Situation 30: Translation of Functions

Prepared at University of Georgia

Center for Proficiency in Teaching Mathematics

6/30/05 – Bob Allen

10/6/05 – edited by Bob Allen

Prompt

 

During a unit on functions, the transformation of functions from their parent function is discussed in a class.  For example, if the parent function is , then the child function would have a vertical translation of 4 units.  When the class encounters the function , one student notes that the vertical translation of +3 makes sense, but the horizontal translation to the right of 2 does not make sense with a – 2 within the function.  As a teacher, how would you explain this?

 

           

Commentary

Note: Foci 1 and 2 use a parabola as a parent function only for demonstration purposes.  One may substitute any function for the parabola.

 

 

Mathematical Foci

 

Mathematical Focus 1: Graphical Representation

 

One way to investigate this problem is to examine graphs of parent functions and their respective children.  Included are four QuickTime movies of  undergoing different translations, both vertically and horizontally.  Looking at the various movies, students can predict the general form of a parabola , where h and k predict the proper translation.

 

            Movie 1

            Movie 2

            Movie 3

            Movie 4

 

           

 

 

 

 

Mathematical Focus 2: Numerical Representation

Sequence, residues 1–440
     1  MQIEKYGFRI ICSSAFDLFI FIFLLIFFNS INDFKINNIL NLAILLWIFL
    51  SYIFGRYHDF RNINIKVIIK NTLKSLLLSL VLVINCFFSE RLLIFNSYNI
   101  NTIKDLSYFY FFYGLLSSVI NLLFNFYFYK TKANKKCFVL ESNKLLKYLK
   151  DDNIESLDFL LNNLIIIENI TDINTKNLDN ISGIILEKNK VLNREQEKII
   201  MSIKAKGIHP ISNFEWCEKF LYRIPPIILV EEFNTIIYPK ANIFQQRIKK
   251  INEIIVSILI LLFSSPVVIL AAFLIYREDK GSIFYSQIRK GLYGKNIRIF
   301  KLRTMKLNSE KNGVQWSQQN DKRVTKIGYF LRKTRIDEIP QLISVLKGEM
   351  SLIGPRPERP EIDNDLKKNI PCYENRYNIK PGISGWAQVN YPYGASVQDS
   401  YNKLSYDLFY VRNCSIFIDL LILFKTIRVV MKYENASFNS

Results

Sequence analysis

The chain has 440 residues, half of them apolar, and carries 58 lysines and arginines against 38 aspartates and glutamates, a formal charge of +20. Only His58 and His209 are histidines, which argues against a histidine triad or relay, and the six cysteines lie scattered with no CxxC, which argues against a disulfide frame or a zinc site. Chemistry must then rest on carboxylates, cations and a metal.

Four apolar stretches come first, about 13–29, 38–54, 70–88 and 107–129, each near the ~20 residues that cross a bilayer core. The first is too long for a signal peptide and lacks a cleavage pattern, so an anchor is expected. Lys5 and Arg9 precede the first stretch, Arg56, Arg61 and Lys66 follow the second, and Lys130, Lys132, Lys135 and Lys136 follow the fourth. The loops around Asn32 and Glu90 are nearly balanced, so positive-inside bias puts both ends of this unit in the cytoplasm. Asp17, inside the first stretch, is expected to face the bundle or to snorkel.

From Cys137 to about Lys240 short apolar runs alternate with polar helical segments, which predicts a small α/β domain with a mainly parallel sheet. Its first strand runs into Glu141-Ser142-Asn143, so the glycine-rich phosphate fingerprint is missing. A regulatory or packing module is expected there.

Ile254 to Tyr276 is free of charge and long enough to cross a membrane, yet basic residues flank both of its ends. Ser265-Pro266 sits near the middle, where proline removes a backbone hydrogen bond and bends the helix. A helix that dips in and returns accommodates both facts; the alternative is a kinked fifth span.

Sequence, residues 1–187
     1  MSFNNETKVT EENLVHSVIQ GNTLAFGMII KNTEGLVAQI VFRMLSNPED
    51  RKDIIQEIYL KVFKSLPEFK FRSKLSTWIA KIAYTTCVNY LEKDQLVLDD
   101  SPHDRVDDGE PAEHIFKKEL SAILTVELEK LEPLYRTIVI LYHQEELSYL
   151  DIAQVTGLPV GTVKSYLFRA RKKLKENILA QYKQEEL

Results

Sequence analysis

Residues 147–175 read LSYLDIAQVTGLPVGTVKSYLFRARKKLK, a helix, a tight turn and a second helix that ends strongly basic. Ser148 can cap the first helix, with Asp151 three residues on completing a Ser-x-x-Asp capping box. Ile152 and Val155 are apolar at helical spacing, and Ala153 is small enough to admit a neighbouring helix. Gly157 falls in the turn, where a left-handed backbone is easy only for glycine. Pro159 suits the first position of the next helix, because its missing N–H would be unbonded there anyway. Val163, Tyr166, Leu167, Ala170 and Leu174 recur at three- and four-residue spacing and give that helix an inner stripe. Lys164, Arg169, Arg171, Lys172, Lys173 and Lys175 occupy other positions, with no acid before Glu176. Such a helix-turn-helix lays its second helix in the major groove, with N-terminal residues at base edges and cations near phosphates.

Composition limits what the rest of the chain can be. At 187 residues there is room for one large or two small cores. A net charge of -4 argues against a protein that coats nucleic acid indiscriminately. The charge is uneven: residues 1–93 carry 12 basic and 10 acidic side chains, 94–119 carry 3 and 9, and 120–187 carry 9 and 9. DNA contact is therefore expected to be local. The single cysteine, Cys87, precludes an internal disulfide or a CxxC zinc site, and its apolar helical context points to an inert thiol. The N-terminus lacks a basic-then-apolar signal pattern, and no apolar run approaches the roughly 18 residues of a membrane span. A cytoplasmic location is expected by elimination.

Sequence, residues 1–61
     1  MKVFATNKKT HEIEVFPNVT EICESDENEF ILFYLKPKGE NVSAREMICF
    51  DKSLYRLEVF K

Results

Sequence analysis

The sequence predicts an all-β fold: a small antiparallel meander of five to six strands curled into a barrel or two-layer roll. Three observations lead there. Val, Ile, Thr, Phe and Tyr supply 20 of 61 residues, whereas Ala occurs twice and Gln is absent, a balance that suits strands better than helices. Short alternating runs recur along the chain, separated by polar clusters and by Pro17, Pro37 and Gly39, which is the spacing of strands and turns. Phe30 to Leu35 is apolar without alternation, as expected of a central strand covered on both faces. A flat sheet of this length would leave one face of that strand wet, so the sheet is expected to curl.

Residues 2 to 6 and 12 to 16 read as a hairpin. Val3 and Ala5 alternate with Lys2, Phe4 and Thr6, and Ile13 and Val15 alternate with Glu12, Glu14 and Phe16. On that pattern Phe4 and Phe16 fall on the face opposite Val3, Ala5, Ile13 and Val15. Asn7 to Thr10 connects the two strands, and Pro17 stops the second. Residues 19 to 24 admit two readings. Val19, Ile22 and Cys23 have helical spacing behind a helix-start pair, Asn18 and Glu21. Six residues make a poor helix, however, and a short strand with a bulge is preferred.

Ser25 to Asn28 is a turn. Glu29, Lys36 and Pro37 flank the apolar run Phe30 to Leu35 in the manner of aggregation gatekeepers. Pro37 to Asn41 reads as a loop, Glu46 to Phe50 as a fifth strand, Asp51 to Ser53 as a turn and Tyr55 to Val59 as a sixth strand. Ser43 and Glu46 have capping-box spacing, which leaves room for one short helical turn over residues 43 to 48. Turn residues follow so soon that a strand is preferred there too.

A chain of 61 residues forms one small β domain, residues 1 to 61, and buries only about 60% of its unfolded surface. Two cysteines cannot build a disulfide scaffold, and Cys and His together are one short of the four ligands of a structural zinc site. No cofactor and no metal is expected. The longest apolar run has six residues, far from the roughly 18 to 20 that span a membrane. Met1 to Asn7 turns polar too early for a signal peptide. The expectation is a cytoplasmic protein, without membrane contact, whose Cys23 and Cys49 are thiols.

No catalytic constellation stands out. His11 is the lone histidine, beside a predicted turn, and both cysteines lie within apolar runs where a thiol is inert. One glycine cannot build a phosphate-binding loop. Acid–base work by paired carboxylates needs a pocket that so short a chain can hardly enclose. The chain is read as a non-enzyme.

Another way to explore horizontal translations is with a numerical representation.  With the parent function as  again, students can investigate what happens with the values.  Its obvious to see that the values of the child function  have shifted right when compared to the parent function.

 

 

Parent

Child

Child

x

x^2

(x-1)^2

(x-2)^2

-5

25

36

49

-4

16

25

36

-3

9

16

25

-2

4

9

16

-1

1

4

9

0

0

1

4

1

1

0

1

2

4

1

0

3

9

4

1

4

16

9

4

5

25

16

9

 

 

 

 

 

 

 

 

x

x^2

(x+1)^2

(x+2)^2

-5

25

16

9

-4

16

9

4

-3

9

4

1

-2

4

1

0

-1

1

0

1

0

0

1

4

1

1

4

9

2

4

9

16

3

9

16

25

4

16

25

36

5

25

36

49

 


 

Mathematical Focus 3: Transformation of coordinate axes

 

This is from Smail, L. L. (1953).  Analytic Geometry and Calculus. Appleton-Century-Crofts, New York.

 

Let OX and OY be the original axes and let OX and OY be a new set of axes, having a new origin O and parallel to the old axes and having the same senses.

 

Let the coordinates of the new origin with respect to the old axes be (h, k).  Let P be any point whose coordinates are (x, y) referred to the old axes and (x, y) when referred to the new axes.  Then

Hence, if a translation of axes is made to a new origin O whose coordinates with respect to the old axes are (h, k), the relation between the old and new coordinates of any point is given by  and .

 

Another way to think about this is that the function is not the object that gets translated.  If the axes are translated right and up, this means the function looks like it is translated to the left and down.  If the parent function  goes through a translation of axes, then the new child function is  which leads to .